Event held to discuss surviving trauma, and the Talmud’s reasons for anti-Semitism
Nightmares, flashbacks, hypervigilance, and negative thoughts persist for some who’ve experienced trauma.
Holocaust survivors pass their genetic changes to their children, according to a 2016 scientific study by Dr. Rachel Yehuda at Mt. Sinai Hospital. Trauma isn’t just from one’s environment.
How a person is treated after suffering trauma is what makes the difference, said Alexander Rand, keynote speaker at the annual Kristallnacht Remembrance at Congregation Machane Chodosh on Wednesday, November 9.
On Kristallnacht (German for “Night of Glass”), 267 synagogues were destroyed, 7,500 Jewish businesses were shattered, 30,000 Jews were taken to concentration camps, and 91 Jews were killed in Austria, Germany, and the Sudetenland in Czechoslovakia on November 9-10, 1938.
Herschel Greenspan shot a German embassy delegate in Paris on November 7, 1938, to get the world’s attention after his family and other Jews were kicked out of Germany into Poland. The German diplomat died on November 9 .
“Who is there supporting the victims? Are they cared for, listened to, understood?” “Human beings are tremendously resilient, but a large part of that resilience comes from the support we receive from others,” said Alexander Rand at the Remembrance.
Rand is a licensed and practicing social worker in Brooklyn and a professor at Yeshiva University’s Graduate School of Social Work.
The pain and devastation people experience “become intolerable when it’s kept inside, with nobody supporting the burden.”
“We are social creatures.” “Loneliness in of itself can have devastating effects even before we experience a trauma.” “The need for attachment never lessens.”
Loneliness increases early death by 26% while depression and anxiety do by 21%.
Connecting with people to let them know they are not alone “is one the main ways we can help somebody.” “People naturally want to move forward and often stay stuck, precisely because they never received the support they needed.”
As a therapist, Brand “is fully present with the pain of my clients” but he also “gives over a sense of hope and belief in the client’s ability to recover.” His job “is to sense what the client needs more at that moment.”
“People respond to physical or emotional pain by trying to make it go away or by numbing it,” said Rand.
“Healing will come from being there for someone, connecting to let them know they’re not alone.” “Empathy is being an act of connection. Sympathy is moving away, separate.”
At a shiv’ah house, “try to be there for their pain.” People worry they will say the wrong thing. Some will try humor or change the conversation to take a person’s pain away. Others avoid listening to others’ pain.
The importance is listening. A person can always say to someone suffering how they’re not sure what to say or do, said Rand.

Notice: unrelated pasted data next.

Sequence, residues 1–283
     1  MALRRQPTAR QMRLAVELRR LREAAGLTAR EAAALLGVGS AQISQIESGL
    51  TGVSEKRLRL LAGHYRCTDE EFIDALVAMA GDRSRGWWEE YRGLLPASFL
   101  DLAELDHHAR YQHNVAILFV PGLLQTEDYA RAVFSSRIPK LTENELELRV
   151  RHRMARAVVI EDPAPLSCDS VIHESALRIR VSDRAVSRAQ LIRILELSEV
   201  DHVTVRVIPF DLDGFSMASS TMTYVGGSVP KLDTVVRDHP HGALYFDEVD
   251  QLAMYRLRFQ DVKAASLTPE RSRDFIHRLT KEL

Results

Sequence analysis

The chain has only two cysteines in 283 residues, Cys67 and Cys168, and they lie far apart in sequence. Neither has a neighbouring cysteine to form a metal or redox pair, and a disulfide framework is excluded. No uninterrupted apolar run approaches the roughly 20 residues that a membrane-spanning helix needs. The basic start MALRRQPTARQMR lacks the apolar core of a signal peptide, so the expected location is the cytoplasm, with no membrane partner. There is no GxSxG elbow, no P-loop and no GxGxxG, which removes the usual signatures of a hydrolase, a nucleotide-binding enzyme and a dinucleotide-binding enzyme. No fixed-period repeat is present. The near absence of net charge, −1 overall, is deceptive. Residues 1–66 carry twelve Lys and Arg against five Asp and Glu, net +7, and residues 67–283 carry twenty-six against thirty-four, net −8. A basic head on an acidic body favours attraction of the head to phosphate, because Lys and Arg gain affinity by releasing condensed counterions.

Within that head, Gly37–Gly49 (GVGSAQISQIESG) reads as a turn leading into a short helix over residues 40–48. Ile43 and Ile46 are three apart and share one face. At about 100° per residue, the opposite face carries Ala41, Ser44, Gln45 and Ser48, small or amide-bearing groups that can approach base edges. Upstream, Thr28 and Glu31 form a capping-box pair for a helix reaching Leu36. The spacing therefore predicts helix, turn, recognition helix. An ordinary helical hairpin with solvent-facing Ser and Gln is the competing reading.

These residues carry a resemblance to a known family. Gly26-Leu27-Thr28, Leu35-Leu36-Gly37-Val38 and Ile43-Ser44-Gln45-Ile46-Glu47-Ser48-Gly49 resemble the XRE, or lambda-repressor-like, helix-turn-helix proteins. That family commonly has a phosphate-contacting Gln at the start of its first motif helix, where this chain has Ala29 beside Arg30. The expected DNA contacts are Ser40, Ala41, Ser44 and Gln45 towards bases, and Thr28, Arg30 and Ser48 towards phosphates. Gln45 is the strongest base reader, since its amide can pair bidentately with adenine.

“Rarely do words capture the truth of their experience.” The suffering is more than words can convey, said Rand, who quoted Edward R. Murrow, the first American journalist to see a liberated concentration camp.
“Pray you to believe what I have said about Buchenwald. I reported what I saw and heard, but only part of it. For most of it, I have no words,” said Murrow in his radio report.
The Talmud (Megillah) gives two reasons for anti-Semitism by way of an allegory, said Rabbi Yossi Mendelson of Congregation Machane Chodosh.
One person has a mound of dirt on his land while a neighbor has an empty ditch. They agree to work together to fill that hole.
The first person with a hole on his land “represents a ditch in his life,” “an emptiness, a gap, some kind of vacancy in his life.”
The other person with extra dirt on his land “demonstrates some kind of obstacle, something in the way,” said Rabbi Yossi Mendelson.
Jews represent a heritage “that is associated with a set of ideals and principles.” That might expose in a person “the emptiness, the question in their own lives: Where is my me? What is my heritage? Where do I come from, and where am I headed?”
The second person, with a mound of dirt, represents something in the way, something that doesn’t allow him to accomplish the things he wants to accomplish. The exaggerated stereotype of Jews controlling the media, finance, and government can be that.
“It also could mean that a person would like to live a meaningless life in which there are no rules, no principles, a life in which reality is up for discussion.” Jews “live our lives with the sense that there is a fundamental truth to the universe. There are immutable rules,” said Rabbi Mendelson.
Rabbi Elisha Friedman of the Young Israel of Forest Hills read T’hilim 130 at the beginning of the evening.
Rabbi Judah Kerbel of the Queens Jewish Center chanted the Keil Malei Rachamim towards the end.
The singing of “Oseh Shalom,” led by Rabbi Yossi Mendelson, concluded the program.
City Council Member Lynn Shulman was at a conference out of town so Kevin McAleer, her Legislative Coordinator and Constituent Liaison, was there in her stead.
By David Schneier